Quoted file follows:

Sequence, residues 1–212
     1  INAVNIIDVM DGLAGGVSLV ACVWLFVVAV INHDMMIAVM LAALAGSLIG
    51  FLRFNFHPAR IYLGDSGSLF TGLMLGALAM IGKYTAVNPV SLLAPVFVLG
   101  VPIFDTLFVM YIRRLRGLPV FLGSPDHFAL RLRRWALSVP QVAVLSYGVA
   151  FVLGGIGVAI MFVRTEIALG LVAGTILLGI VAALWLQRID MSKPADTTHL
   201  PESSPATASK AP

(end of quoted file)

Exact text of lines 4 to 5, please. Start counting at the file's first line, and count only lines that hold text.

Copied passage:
   101  VPIFDTLFVM YIRRLRGLPV FLGSPDHFAL RLRRWALSVP QVAVLSYGVA
   151  FVLGGIGVAI MFVRTEIALG LVAGTILLGI VAALWLQRID MSKPADTTHL